StHelensToBaldCypress.jpg

The more generalized information about styling the tree is certainly on point. I have a problem when it comes to the science. I'm not a scientist, but I do try to read up on the science of bald cypress as much as I can and see how it all fits with the trees that surround our cities. There are very good photographs of wonderful bald cypress in books and on the Internet. I get to look at the ugly ones that do not get photographed. The ancient survivors of everything Mother Nature can throw at them in the South. It's nice to look at a well-defined flat-top, but it's better when you can compare it to a poorly defined one. It gives us the chance to spot the flaws, to break down flat tops into just what it is we appreciate.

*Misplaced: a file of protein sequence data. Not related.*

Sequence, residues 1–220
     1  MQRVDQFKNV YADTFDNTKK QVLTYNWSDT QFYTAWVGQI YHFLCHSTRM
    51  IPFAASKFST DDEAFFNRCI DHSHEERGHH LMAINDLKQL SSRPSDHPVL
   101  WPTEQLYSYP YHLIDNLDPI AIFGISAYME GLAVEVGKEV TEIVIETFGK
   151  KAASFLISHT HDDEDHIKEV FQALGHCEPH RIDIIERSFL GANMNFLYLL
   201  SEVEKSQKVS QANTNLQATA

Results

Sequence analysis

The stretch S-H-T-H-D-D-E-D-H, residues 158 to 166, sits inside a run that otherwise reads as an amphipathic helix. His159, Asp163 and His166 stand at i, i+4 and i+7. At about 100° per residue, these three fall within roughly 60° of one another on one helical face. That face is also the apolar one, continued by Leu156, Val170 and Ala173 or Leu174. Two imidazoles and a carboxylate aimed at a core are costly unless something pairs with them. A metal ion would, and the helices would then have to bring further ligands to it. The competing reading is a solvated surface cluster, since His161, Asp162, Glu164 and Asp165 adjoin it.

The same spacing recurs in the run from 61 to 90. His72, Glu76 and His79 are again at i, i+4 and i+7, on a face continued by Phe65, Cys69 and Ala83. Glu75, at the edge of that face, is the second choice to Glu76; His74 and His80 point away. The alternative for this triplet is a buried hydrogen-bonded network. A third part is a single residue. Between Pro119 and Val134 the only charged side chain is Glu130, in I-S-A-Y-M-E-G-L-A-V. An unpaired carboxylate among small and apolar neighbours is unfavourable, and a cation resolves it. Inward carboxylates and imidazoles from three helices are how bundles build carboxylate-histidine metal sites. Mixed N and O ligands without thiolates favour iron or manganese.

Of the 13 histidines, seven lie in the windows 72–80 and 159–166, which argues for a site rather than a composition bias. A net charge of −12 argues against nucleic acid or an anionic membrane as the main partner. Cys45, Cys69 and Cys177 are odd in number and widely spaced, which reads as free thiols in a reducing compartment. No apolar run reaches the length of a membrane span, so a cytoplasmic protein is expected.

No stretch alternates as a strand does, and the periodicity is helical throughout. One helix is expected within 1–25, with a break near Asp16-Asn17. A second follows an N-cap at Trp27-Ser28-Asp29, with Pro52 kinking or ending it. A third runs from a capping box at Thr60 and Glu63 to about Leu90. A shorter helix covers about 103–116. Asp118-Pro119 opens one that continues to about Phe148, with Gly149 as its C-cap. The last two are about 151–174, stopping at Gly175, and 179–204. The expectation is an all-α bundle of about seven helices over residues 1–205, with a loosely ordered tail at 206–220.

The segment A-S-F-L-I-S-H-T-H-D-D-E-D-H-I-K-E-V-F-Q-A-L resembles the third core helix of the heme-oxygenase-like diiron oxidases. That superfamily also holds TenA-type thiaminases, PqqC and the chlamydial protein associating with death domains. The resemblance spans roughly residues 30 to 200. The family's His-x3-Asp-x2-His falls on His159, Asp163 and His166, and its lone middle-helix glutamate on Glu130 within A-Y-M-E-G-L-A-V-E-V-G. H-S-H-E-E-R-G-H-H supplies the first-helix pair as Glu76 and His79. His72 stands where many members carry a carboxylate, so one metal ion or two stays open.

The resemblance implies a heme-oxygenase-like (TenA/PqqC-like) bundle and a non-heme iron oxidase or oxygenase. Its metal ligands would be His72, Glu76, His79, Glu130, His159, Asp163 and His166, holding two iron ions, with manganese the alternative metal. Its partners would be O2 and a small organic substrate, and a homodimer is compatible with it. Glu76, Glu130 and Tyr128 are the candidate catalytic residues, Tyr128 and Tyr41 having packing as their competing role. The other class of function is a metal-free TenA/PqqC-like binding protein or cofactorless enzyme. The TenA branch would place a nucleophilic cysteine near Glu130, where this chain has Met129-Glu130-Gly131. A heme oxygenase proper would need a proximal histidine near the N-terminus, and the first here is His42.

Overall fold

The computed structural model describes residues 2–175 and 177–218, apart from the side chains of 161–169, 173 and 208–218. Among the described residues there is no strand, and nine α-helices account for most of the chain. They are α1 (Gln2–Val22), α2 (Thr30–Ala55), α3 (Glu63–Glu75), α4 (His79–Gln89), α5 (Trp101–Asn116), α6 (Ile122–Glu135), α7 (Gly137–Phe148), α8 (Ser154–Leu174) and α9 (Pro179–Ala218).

Ryan mentions four people who were instrumental in developing the flat top style: Vaughn Banting, Dave Degroot, Guy Guidry, and Gary Marchal. They were all in the Greater New Orleans Bonsai Society. I've been to three of their homes. Gary took me on my first swamp dig and I still have the tree I dug. Vaughn sat me down in his home office and explained the physiology that creates the flat top. Guy's nursery was a fantastic resource for inspiration and knowledge. And it's Vaughn's fault that when Dave is giving a demonstration, that he looks at me to make sure I'm not about to snap a pencil while he bends a branch. That's my pedigree. The education I received from these four and many others in the club has shaped my appreciation and obsession of bald cypress. These men, and women as well, have helped me develop an eye for bald cypress bonsai. Vaughn and Gary have passed and were a great loss. Dave no longer lives in New Orleans, but I'll see him next week, so that's going to be great. And Guy had to sell off his nursery during a bitter divorce. But we still have great minds shaping bonsai in New Orleans and across the Gulf South.